• Radiohead’s commercial success continued quickly the following year with the release of ‘Amnesiac’. The album contains a number of songs left over from sessions for ‘Kid A’.

  • Radiohead’s influences have changed vastly depending on which album they have been recording. Early in the band’s career, they cited Queen and Elvis Costello as inspiration, but those changed radically as their music became more electronic. ‘Kid A’ and ‘Amnesiac’ were both heavily inspired by Yorke’s new-found interest in ambient techno, including the music of Aphex Twin.

  • Radiohead’s 2003 album ‘Hail To The Thief’ was their fifth straight release to be nominated for a Grammy for Best Alternative Album. It didn’t win, but Nigel Godrich and engineer Darrell Thorp did collect the Grammy Award for Best Engineered Album.

  • In between his work with Radiohead, Jonny Greenwood has become an acclaimed film composer, and was behind the scores for the movies There Will Be Blood and Norwegian Wood. He is also a "composer-in-residence" for the BBC Concert Orchestra.

  • The Oxford five-piece shock the foundations of the music industry when they sold their 2007 album ‘In Rainbows’ via their website using an honesty box policy, meaning fans could pay what they wanted for the record. It worked, the album shifted 1.2million copies on its first day of release before being sold through traditional mediums.

  • Radiohead have always been supportive of charity. One of their most recent contributions was in aid of Harry Patch, the recently deceased last surviving British soldier to have fought in the First World War. The track ‘(In Memory Of) Harry Patch’ was sold online for £1.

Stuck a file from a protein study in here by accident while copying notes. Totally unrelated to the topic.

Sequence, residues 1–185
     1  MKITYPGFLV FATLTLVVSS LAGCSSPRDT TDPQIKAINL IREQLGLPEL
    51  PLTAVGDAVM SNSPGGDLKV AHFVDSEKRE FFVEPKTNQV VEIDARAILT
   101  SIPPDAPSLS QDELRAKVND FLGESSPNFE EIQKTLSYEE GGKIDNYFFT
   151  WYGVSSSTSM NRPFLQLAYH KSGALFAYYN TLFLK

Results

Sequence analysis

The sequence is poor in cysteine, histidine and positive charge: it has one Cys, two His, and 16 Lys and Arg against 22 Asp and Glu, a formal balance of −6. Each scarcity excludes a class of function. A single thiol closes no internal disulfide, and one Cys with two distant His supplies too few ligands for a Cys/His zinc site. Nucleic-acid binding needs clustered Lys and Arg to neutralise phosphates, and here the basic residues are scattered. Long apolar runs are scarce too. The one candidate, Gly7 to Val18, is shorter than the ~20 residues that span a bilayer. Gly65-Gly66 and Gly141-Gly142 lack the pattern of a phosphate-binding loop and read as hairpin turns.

• As well as Godrich, Radiohead already have a close relationship with the graphic artist Stanley Donwood, who has produced all of Radiohead's album covers and visual artwork since 1994.

  • In February 2010, Yorke launched a new band Atoms For Peace, whose line-up includes Flea of the Red Hot Chili Peppers on bass, R.E.M. all-round session drummer Joey Waronker and Radiohead producer Nigel Godrich on keyboards and treatments.

  • Yorke is a spokesman for Friends of the Earth and has been vocal in their campaign to reduce carbon emissions, The Big Ask.

  • Ed O’Brien is one of the founding members of the Featured Artists’ Coalition (FAC), which aims to help established and up-and-coming musicians. He was influential in securing the On Air, On Sale initiative with Universial and Sony.

  • Radiohead will once again push boundaries with new album ‘The King Of Limbs’, which they have billed as the world’s first (possibly) newspaper album. The digital version was released in February 2011, while the newspaper is set to be delivered in May.

  • The album’s title is thought to refer to an oak tree in Wiltshire's Savernake Forest aged over 1000 years old.